Starring: Donald Pleasence, Danielle Lloyd, Ellie Cornell, George P Wilbur
“We’re not talking about any ordinary prisoner, Hoffman. We are talking about evil on two legs.” (Dr Sam Loomis, Halloween 4)
While Halloween III: Season Of The Witch wasn’t a bad movie by any means (in fact, judging by the films to follow it was one of the better entries in the series), many moviegoers were enraged when they found that the film they’d gone to see didn’t continue the story of evil stalker Michael Myers and was instead a completely different tale about a nutjob plotting to kill children with cursed Halloween masks powered by Stonehenge. A brilliant (if fucking insane) idea, sure, but you can understand people’s annoyance at paying for a Halloween film and not getting to see Michael Myers.
As explained in the Halloween III review, this was mainly down to John Carpenter’s wish to make the Halloween movies a collection of unrelated stories all based on Halloween. The first two films would be the Michael Myers story, the third would be the one about the cursed masks, the fourth would be something completely different again. When the fans turned on this idea and the studio told Carpenter they wanted a standard slasher with Michael Myers in it he decided “fuck you then” and ditched the series altogether.
Determined to to make some serious greenbacks with a Myers return, producer Moustapha Akkad decided to start work on Halloween 4, being sure to include “The Return Of Michael Myers” as part of its title to ensure people who’d abandoned the series knew they were getting him this time. In a rush to beat the writer’s strike of the late ’80s, the entire film was written in 11 days. The result is a movie that, while not great, did a decent job of bringing back “The Shape”.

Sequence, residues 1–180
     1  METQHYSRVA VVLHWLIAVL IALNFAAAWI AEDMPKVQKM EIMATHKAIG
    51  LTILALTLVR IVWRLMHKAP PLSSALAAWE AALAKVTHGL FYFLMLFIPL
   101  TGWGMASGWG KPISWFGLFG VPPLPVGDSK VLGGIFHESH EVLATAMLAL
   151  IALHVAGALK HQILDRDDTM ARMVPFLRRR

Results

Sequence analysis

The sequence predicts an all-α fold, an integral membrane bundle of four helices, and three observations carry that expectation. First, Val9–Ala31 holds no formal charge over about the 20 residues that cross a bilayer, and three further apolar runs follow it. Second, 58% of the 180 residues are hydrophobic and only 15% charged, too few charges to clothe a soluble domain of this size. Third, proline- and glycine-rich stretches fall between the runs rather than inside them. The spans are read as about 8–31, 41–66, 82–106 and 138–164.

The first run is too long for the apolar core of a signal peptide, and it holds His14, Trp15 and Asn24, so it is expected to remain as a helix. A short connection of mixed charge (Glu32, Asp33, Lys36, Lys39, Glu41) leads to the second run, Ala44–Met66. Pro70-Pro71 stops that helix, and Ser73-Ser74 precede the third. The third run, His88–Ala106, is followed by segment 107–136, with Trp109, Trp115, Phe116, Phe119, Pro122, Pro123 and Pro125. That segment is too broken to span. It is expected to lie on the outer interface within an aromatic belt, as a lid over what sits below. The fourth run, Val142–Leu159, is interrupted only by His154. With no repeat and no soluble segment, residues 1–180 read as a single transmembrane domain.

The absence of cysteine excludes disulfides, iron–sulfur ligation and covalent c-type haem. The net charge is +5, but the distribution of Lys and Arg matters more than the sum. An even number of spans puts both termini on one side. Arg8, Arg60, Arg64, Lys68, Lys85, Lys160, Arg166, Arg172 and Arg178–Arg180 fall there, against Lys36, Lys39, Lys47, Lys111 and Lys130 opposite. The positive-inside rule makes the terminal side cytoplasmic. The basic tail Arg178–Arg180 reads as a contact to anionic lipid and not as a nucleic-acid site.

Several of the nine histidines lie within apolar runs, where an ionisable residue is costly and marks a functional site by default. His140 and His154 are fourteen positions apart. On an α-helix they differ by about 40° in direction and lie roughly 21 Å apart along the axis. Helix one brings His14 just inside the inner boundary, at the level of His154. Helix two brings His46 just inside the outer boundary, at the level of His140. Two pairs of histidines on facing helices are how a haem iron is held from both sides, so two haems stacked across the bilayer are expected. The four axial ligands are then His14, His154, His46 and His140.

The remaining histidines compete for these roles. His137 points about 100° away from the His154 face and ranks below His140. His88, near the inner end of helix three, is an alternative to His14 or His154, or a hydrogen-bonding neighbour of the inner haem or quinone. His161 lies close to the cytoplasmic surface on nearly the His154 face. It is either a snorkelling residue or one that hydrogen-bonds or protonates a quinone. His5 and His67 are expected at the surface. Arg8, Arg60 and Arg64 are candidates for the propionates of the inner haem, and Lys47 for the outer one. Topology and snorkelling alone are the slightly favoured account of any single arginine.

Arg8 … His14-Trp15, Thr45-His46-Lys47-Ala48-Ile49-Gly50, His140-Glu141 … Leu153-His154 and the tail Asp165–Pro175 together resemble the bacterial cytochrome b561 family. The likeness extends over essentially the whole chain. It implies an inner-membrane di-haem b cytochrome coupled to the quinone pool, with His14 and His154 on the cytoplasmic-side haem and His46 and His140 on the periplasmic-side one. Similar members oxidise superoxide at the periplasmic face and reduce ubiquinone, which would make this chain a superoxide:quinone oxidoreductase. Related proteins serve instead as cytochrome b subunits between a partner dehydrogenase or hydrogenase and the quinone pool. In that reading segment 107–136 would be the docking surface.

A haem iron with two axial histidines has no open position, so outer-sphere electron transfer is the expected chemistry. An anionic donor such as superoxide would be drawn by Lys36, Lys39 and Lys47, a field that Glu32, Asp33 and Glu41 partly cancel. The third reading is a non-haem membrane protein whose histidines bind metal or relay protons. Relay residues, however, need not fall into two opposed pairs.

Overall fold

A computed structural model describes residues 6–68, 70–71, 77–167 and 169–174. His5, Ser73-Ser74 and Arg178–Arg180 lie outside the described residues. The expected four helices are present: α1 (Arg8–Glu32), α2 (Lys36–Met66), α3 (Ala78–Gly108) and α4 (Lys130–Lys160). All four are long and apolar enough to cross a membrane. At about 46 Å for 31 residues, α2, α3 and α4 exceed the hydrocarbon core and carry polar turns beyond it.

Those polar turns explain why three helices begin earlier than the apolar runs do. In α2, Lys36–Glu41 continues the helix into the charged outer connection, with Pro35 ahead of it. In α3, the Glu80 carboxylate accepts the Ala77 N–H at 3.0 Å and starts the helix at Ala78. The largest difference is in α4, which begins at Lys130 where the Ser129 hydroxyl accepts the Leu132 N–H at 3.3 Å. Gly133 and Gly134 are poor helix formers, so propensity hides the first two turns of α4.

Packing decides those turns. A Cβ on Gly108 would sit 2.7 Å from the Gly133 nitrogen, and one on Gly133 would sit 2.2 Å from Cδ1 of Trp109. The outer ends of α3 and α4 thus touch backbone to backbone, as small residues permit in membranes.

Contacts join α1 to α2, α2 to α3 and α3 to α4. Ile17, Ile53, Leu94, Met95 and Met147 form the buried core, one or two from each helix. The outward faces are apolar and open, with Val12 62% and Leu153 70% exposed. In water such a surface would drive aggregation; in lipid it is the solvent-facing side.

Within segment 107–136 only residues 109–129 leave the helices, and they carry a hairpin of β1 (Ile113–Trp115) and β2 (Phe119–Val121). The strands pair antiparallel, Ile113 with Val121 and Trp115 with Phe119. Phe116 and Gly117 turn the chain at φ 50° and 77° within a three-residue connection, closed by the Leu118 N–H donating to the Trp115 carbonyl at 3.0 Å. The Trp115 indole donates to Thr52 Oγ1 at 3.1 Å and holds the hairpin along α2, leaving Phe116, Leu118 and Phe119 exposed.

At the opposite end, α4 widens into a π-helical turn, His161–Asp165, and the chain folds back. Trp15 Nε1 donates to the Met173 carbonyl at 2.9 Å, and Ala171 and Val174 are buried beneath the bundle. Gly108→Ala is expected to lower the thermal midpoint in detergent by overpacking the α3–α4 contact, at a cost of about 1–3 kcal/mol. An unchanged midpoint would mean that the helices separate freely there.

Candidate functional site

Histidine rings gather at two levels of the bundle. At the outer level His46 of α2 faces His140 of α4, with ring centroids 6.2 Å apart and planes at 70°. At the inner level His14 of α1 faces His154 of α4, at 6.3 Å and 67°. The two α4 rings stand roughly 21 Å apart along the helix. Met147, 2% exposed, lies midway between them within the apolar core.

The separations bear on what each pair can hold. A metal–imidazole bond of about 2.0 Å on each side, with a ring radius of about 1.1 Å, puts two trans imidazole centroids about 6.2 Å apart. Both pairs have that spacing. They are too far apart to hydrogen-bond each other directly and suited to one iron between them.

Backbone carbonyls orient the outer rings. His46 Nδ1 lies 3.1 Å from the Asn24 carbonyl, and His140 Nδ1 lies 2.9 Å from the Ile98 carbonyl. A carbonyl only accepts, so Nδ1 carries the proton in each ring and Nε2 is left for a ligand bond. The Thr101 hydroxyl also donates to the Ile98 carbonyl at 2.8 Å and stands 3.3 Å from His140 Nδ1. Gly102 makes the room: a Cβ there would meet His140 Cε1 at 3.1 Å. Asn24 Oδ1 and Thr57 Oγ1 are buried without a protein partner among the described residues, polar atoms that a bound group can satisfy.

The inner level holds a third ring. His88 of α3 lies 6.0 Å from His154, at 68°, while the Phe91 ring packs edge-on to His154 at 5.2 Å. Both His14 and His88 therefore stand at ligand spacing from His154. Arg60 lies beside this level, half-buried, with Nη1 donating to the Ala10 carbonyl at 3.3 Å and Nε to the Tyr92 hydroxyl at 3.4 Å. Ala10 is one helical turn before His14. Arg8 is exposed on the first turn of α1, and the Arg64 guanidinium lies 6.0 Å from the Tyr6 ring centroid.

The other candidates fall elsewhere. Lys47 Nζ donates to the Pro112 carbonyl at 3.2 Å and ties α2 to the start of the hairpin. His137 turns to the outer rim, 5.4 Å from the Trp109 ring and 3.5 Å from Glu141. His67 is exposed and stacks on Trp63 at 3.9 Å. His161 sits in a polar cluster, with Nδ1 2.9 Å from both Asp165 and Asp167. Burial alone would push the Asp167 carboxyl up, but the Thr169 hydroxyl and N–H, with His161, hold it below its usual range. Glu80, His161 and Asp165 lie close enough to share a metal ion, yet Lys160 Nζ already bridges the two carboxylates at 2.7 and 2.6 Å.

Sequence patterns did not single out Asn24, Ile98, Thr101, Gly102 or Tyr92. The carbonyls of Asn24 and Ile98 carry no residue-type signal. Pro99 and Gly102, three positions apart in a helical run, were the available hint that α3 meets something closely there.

Set ten years after the fateful night of Halloween and Halloween II, Michael Myers remains in a coma as he is transferred to the Ridgement Federal Sanitarium. Naturally, it doesn’t go quite as expected and he wakes up in the ambuland en route, booting the shite out of everyone and causing the ambulance to fall off a bridge, crashing into a stream. Myers escapes and begins to make his way back to Haddonfield, to complete his task of killing the rest of his family.
What’s that you say? The rest of his family? Oh, that’s right, you didn’t know he also has a niece who’s never been mentioned before. You see, eight-year-old Jamie Lloyd (Danielle Harris) has been living with a foster family ever since her mum Laurie died nearly a year prior back. That’s right, Jamie Lee Curtis was doing well for herself by this point and clearly didn’t want to get involved with the Halloween sequels so her character was unceremoniously bumped off between films. Anyway, stalking an eight-year-old is much scarier than stalking a teenager and so Jamie Lloyd is the target this time.
For reasons never explained, Jamie is having nightmares about Myers, and has some sort of psychic bond with him so she knows when he’s around. Her foster sister (Ellie Cornell) naturally just thinks she’s a bit mental (ahem) but as Myers gets closer to Haddonfield and Jamie starts freaking out more and more, it becomes clear that she isn’t fucking around.
When the Mickster finally makes it to town things essentially turn into a less powerful, less effective redo of the first film with Myers chasing Jamie and her step-sister around and killing their friends in the process. None of these kills are particularly inventive or scary, and there aren’t many jump scares to speak of, meaning either people were complete pussies in the mid ‘80s or this just failed to get the job done. I don’t know about you but I think I’m going with the latter.
Halloween 4 is harmless enough so I wouldn’t quite hammer it with criticism in the same way its subsequent sequels deserve. What saves it is its ending, because after Michael Myers is “killed” in one of the least convincing ways I’ve seen in any slasher film, there’s a very clever twist that threatens to send the series in a completely different, fresh direction in the inevitable fifth film. Ultimately this didn’t happen and Halloween 5 bottled it, instead sending the series in the direction of a bucket full of cocks, but that’s for another review. Halloween 4 is a slightly worse-than-average slasher with a significantly better-than-average ending.
WHERE CAN I SEE IT?
Halloween 4 is available on DVD for a couple of quid from Amazon, it isn’t available on Blu-ray yet. It also isn’t available for streaming on either Netflix or LOVEFiLM.